The disciples assumed a man born blind was being punished, so they asked in verse 2, “Who sinned, this man or his parents?”
The disciples’ worldview was simplistic. Painfully so. To them the man’s disability could only mean one thing: someone had sinned—which inevitably meant those with disabilities were little more than cautionary tales. Don’t do X or you might end up like Y. We like to believe we’ve progressed from the primitive ways of the first century. We know better, we tell ourselves. But if we’re honest, the disciples’ response is not unfamiliar to us. We default to it all the time. Something goes wrong—we get a flat tire, we lose our job, we struggle with chronic illness, we finally get pregnant only to hear the doctor say our little one will have a disability—and the question pops into our minds like a reflex, almost involuntarily—What did I do to deserve this?
So it must have come as a shock to the disciples when Jesus turned their worldview on its head and said, “No one.” No one sinned—not the man and not his parents. We can only imagine they weren’t prepared for Jesus’s answer in verse 3: the man was born blind “that the works of God might be displayed in him”? They didn’t have a category for glory. We still don’t.
We don’t need to be convinced that there’s something wrong with the world. We see it all around us. We feel it in our own lives. What we need is to be convinced that the works of God can be seen even in our limitations.
And we all have them. It’s what it means to be human: to be limited. Maybe our limitations are physical—like the man in the passage who was born blind. Or maybe our limitations are psychological—we struggle with depression or anxiety or both. Whatever they may be, more often than not, we think God’s glory can only be displayed in the removal of our limitations. So we come to passages like this one and we marvel at how Jesus gives the man the ability to see. We think that’s what Jesus means when He says the man was born blind “that the works of God might be displayed in him.” But the truth is, it is only through the man’s limitations that God’s glory is displayed. Because it is his very limitation that provides the opportunity for grace.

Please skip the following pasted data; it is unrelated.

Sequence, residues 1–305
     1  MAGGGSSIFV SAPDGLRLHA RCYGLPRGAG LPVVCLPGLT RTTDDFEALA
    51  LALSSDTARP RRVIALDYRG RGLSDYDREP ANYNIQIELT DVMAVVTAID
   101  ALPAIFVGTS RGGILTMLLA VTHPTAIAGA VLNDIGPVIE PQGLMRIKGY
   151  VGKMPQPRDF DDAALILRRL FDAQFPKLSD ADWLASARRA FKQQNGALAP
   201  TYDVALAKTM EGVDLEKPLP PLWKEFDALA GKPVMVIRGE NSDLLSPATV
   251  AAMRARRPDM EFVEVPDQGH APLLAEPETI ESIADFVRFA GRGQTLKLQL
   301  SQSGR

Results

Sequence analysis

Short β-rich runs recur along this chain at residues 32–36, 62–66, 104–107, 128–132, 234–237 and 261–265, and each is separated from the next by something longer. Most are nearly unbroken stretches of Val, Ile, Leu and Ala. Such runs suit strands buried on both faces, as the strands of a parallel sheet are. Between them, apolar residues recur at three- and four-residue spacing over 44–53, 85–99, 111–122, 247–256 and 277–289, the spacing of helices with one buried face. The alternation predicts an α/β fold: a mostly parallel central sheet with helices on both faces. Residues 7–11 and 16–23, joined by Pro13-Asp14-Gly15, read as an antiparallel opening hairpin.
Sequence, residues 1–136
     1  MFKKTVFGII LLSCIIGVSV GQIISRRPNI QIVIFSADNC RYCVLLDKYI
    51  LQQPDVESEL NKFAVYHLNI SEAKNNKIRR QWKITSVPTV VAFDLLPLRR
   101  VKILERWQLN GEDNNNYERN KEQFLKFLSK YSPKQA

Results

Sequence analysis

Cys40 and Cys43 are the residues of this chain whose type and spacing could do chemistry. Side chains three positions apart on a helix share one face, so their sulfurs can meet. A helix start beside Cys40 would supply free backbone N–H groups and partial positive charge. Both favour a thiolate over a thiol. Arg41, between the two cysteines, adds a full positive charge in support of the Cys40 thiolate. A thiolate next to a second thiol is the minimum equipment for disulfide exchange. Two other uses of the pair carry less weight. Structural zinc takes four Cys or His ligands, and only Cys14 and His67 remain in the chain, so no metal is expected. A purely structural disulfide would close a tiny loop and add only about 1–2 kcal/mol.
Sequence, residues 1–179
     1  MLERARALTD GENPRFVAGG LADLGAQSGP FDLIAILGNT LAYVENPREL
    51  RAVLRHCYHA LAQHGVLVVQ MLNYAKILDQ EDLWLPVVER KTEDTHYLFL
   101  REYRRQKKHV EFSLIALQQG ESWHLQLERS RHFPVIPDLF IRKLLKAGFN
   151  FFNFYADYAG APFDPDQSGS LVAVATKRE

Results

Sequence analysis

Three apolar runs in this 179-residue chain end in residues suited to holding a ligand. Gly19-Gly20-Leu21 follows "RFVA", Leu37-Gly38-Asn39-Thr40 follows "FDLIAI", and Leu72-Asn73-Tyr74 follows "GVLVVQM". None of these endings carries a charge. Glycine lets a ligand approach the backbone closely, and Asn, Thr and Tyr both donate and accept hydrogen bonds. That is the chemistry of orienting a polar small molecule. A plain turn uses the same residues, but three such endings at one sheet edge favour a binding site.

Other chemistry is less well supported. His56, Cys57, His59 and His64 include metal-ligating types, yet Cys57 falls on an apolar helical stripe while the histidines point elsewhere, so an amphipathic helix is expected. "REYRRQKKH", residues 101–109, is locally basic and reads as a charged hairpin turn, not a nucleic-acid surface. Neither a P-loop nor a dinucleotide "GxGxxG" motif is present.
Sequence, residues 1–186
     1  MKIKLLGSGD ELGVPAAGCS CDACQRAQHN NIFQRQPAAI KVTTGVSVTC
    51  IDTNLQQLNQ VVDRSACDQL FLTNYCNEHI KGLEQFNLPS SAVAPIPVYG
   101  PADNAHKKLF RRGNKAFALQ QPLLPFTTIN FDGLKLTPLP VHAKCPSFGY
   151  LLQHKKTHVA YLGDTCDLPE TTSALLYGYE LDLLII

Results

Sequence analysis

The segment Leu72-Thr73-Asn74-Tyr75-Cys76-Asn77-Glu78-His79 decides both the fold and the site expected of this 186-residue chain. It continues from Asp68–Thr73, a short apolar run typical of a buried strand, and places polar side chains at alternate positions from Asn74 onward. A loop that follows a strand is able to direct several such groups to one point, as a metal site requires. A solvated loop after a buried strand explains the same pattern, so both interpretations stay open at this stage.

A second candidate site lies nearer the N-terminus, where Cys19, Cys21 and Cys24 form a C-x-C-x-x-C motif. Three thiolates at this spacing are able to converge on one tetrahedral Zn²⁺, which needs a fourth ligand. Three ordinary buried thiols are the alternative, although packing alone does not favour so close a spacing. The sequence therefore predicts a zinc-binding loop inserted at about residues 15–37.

We think we have to be perfect for God’s glory to be displayed in us, but that’s a deception. Although it stands in direct contradiction to what many of us have been taught to believe, it is in our weaknesses that God is glorified. The works of God are on display not in spite of our limitations. The works of God are on display through our limitations. For as Paul taught, God’s power is made perfect in our weakness (2 Corinthians 12:9). It is only then that we realize His grace really is sufficient for us. May we be like Paul. May we learn to find contentment even with our limitations. For only when we are weak can God be strong in us.